church system has been remarkably successful at fostering theological as well as structural unity.
But this unifying influence is also under threat. There is an increasing amount of
independent action at local church and conference levels. The rise of Global Mission was an
admission that the system as it was couldnt do it all. Fresh opportunities and challenges in the
10/40 window are driving change. Indigenous forms of Adventism in places like China and the
Muslim world are extremely difficult to fit within the system. Self-supporting ministries are
multiplying exponentially and may one day siphon off the lions share of the churchs financial
base. All of these things raise questions about the church systems ability to maintain unity in a
fragmented theological landscape.



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Some Options for the Future

Several options present themselves at a glance. First of all, we can encourage or develop
some new unifying force, something that will be as effective as Andrews, the Quarterly and the
church institution have been up until now. I am not sure what that would be at the moment, but I
am hopeful that the collective wisdom of this august gathering may help us all find the way.
A second option would be a unity of like minds. We could conceive of a smaller, more
focused Adventism that rejects all other options and invites dissenters to either conform or leave.
Such an Adventism would seek the comfort of past certainties and the stability that can come
from selective use of the evidence. A part of me finds this option very appealing. It feels good to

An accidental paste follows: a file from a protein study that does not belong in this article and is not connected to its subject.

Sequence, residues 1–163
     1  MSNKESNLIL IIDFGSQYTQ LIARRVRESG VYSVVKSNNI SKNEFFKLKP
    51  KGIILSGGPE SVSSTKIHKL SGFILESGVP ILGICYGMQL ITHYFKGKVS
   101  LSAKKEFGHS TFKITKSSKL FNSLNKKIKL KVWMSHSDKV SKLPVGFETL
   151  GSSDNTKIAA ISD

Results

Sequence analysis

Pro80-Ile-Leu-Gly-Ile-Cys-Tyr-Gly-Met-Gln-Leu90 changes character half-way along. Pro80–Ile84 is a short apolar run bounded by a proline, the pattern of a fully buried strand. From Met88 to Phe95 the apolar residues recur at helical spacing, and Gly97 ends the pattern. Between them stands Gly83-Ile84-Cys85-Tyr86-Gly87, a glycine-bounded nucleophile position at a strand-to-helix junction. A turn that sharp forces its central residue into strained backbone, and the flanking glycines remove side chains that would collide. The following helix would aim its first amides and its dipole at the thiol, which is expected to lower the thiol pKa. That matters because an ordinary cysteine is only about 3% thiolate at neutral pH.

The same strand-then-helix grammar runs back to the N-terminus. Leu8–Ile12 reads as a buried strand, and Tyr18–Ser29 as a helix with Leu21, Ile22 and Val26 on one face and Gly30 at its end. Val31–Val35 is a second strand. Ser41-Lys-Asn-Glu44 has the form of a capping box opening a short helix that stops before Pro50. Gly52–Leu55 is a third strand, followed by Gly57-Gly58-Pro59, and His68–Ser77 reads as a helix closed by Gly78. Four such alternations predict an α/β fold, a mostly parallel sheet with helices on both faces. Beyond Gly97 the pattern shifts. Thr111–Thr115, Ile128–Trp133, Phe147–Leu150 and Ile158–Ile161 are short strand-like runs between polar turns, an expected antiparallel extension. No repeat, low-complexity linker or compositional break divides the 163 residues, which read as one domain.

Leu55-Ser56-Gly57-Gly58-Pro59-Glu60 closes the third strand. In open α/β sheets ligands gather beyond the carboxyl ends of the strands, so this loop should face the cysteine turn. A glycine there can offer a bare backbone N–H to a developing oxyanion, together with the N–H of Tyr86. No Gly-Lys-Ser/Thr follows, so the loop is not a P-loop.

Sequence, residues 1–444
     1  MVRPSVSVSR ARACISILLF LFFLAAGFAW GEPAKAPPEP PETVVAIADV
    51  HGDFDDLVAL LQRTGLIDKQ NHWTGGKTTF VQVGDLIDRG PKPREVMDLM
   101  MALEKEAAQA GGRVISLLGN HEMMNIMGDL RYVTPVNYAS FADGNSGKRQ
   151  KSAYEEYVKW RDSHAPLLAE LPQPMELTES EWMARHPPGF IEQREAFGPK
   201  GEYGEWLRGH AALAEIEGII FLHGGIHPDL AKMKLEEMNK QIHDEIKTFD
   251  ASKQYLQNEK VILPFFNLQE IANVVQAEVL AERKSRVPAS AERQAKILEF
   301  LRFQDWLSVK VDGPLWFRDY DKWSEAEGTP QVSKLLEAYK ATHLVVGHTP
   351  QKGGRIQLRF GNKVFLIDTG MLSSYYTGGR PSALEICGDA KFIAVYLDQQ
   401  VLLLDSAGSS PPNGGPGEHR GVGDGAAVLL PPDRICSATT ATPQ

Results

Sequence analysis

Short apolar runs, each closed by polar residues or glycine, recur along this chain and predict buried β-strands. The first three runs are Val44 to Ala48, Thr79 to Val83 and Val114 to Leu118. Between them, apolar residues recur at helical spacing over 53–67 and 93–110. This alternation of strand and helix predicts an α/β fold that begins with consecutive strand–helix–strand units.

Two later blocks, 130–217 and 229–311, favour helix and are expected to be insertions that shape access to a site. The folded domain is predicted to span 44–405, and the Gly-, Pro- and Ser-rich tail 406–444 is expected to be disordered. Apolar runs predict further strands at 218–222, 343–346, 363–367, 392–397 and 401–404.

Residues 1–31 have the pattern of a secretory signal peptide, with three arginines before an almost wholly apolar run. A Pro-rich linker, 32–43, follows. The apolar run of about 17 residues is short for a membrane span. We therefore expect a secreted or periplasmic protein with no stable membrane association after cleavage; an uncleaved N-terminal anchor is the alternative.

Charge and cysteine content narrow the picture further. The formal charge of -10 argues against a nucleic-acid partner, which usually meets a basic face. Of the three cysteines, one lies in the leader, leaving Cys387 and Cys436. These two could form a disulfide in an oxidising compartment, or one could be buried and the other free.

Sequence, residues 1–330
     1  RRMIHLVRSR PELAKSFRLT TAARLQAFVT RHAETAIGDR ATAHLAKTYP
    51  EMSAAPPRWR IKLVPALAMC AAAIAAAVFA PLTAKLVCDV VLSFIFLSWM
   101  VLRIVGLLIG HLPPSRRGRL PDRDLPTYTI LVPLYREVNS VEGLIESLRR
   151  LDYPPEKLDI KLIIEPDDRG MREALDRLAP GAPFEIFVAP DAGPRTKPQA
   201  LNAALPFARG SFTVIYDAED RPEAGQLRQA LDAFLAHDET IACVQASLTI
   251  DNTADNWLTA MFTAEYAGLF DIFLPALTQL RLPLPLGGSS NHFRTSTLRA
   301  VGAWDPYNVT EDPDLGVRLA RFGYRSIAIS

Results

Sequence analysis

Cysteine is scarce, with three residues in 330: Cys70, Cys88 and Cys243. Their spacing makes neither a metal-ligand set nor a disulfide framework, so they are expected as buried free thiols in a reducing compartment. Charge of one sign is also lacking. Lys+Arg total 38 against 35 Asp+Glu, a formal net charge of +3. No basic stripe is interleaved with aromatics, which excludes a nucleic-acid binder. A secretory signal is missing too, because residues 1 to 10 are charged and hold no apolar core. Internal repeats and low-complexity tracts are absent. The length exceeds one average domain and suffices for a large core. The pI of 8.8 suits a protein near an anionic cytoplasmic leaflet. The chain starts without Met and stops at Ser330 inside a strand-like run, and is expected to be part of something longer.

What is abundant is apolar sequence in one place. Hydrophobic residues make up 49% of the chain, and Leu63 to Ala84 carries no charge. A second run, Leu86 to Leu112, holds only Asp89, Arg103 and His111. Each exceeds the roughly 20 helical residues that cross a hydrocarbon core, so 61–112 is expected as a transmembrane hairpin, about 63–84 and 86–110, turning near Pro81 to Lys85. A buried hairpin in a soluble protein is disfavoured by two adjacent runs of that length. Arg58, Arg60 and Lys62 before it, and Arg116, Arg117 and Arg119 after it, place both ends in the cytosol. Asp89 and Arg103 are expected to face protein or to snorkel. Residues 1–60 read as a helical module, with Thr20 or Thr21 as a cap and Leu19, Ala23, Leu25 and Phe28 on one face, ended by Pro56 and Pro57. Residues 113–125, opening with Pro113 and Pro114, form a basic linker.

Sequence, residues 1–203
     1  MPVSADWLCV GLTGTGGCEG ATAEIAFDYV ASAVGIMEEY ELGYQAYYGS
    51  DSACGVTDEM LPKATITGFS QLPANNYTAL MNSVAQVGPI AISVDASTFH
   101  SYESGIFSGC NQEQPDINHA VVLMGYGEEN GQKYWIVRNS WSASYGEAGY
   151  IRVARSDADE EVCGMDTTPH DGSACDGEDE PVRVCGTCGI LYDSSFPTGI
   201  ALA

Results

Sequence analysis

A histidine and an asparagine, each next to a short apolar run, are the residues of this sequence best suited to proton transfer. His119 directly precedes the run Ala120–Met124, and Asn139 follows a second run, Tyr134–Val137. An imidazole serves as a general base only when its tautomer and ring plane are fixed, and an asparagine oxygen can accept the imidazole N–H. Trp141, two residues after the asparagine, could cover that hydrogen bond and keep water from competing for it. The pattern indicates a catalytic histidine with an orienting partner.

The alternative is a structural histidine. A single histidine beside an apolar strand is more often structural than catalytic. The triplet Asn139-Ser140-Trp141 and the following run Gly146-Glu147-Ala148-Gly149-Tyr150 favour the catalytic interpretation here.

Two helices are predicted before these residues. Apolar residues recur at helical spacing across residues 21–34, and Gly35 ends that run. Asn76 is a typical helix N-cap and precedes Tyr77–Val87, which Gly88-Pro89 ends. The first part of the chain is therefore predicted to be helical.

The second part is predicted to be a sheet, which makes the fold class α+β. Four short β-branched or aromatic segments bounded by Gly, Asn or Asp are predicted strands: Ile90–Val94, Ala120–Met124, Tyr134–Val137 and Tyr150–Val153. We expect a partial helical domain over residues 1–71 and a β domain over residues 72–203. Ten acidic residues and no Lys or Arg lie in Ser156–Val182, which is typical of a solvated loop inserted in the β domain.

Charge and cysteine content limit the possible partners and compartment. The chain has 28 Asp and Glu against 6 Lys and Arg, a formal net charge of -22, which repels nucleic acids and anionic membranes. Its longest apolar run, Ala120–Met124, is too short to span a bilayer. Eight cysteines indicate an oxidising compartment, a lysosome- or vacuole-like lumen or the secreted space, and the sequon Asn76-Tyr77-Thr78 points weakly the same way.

know that you are right, that there is only one right way to think, my way. But I cannot pursue
this route for three reasons. First, it seems to run contrary to the biblical principle that God meets
people where they are and that, therefore, there is more than one right way to think. Second, for
me personally, such a position would be spiritually dangerous, fostering pride and self-
promotion. And third, such an Adventism would be more like the Amish than the faith of our
pioneers, we could easily become more concerned about our own personal faithfulness than we
are about the lost.
The third option seems obvious to me, yet is very troubling as well. It would be a return
to the concept that we are a spiritual movement more than an institution or a corporate system. It
would be a return to the simplicity of the earliest pioneers. There would be a strong common
focus, yet a respect for diversity of thought and cultural expression. Such an Adventism would
have more open definitions of some things, there would be fewer mandatories, less complexity
and a more minimal level of organization. What troubles me is that is not the Adventism of my
childhood, the days before Questions on Doctrine. We should only go there in the confidence
that comes from passionate commitment to the central verities of Scripture and a great love for
each other that manifests itself especially when we disagree. Perhaps we have tasted a little of
this possibility in our discussions this week.

The Big Picture of Adventist History

Where does Questions on Doctrine stand in the big picture of Adventist history and
doctrinal development? It seems to me that it has become representative of one of the six great